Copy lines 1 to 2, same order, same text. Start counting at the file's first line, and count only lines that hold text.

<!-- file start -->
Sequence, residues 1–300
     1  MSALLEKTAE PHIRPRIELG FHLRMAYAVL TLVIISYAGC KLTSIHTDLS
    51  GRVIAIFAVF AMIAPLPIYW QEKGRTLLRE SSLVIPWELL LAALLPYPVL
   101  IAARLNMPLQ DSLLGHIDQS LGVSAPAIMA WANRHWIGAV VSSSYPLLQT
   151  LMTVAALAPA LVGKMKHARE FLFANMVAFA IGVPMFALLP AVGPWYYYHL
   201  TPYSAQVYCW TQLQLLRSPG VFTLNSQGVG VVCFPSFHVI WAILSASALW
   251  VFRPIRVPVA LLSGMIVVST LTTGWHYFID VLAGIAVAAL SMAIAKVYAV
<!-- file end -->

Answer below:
Sequence, residues 1–300
     1  MSALLEKTAE PHIRPRIELG FHLRMAYAVL TLVIISYAGC KLTSIHTDLS